While Nick has his head under the hood, Ronny plans his marriage proposal to Beth. But in the local Botanical Gardens, he notices Geneva kissing an elaborately tattooed dude named Zip (Channing Tatum). Shocked and chagrined, he’s determined to tell Nick the awful news, though it may unhinge his friend and scuttle the big deal. His attempts to prove the charges against Geneva are calamitous: they lead him up a couple of trees and into the hospital. Ronny is also walking around with a few thousand dollars in cash (for an engagement ring), which worries Beth, since her beau is a recovering gambleholic. Beth is involved in some subterfuge of her own. And Nick’s innocent victimhood might be compromised by his patronage of a Vietnamese masseuse.

O.K., a standard romantic-comedy imbroglio gets darker. Nothing wrong with that; Billy Wilder often led his characters into poisonous jungles of obsession, virtually daring the viewer to keep sympathizing with a decent fellow as he slips toward derangement. Occasionally The Dilemma adjusts your mental remote-control apparatus from a wishful Fast Forward to a startled Pause, with a plot U-turn (intervention counseling? huh?) or a weird emotional eruption — as when Ronny shambles down city streets talking out loud to himself or God. But even these apostrophes are upstaged by repeated on-screen plugs for the the lingerie company Urban Fox. That’s a clear signal that the movie, whatever its bold ambitions, can be counted on to renounce risk for commerce.

Midway through, The Dilemma looks to be going instructively mad along with Ronny: when he confronts Zip one evening in an argument that escalates from shouts to a fight to car-bashing and gun-waving. (In an accidental but creepy evocation of the Tucson massacre, Zip tells Ronny, “I’m only gonna pump three [bullets] in you, like a calm gunman would.”) Here’s a good place for the movie to ratchet up from the domestic to the apocalyptic; but Howard directs the scene with feeble comedy tropes, like Vaughn trying to shoot incriminating photos with his camera’s lens cap on, and ends with a screaming match on residential streets whose neighbors, oblivious to the mayhem, must have been drugged or on vacation. The Dilemma never stops being a movie, and never starts being a good one.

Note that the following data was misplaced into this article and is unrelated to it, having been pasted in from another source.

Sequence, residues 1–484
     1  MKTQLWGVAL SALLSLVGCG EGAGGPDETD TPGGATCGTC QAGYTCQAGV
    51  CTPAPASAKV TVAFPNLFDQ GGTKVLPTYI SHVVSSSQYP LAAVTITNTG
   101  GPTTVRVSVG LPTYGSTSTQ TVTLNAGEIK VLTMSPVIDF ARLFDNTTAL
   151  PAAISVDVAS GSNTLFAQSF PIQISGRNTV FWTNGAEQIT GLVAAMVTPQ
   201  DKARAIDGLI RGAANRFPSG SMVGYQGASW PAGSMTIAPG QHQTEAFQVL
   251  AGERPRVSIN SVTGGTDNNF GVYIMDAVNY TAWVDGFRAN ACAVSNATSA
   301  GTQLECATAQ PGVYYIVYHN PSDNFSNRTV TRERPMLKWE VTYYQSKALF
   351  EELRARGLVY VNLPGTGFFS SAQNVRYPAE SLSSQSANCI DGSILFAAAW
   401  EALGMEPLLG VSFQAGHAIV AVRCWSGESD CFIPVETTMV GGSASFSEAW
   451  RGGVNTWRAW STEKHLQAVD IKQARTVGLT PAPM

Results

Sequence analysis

The film is so schizophrenic, it suggests that Howard gave different signals to different actors. Vaughn and James, who could pass for Mutt-and-Jeff brothers, rattle through their dialogue as fast the anchors on Onion Sports Dome, while the women dig earnestly for subtext that isn’t there. Connelly seems especially tense when she’s playing relaxed; and Ryder, in a comeback role, goes for broke in a scene where she has to counterfeit big aggrieved tears — the veins stand out eerily on her forehead like bas-relief highways on a road map.

Nor are the two sexes suited iconographically. Vaughn looks way over his normal fighting weight; Ryder and Connelly are rather severely under theirs. Only James — the pudgy sitcom star whose endearing shtick is to under-react to disaster — appears comfortable with the material. Then again, given that he acquitted himself well in the otherwise negligible I Now Pronounce You Chuck & Larry and Paul Blart: Mall Cop, the definition of a failed comedy may be that Kevin James is the best thing in it.

The Greeks defined a dilemma as a problem with two possibilities, neither of them acceptable. That’s this Dilemma: neither comedy nor drama, neither bitter nor sweet, neither inspiration nor satire or some inventive mix of the two. By the end, an exasperated spectator will be wishing that Ronny and his friends — and Ron Howard and Allan Loeb — had done what good friends might do in real life, and kept this secret to themselves.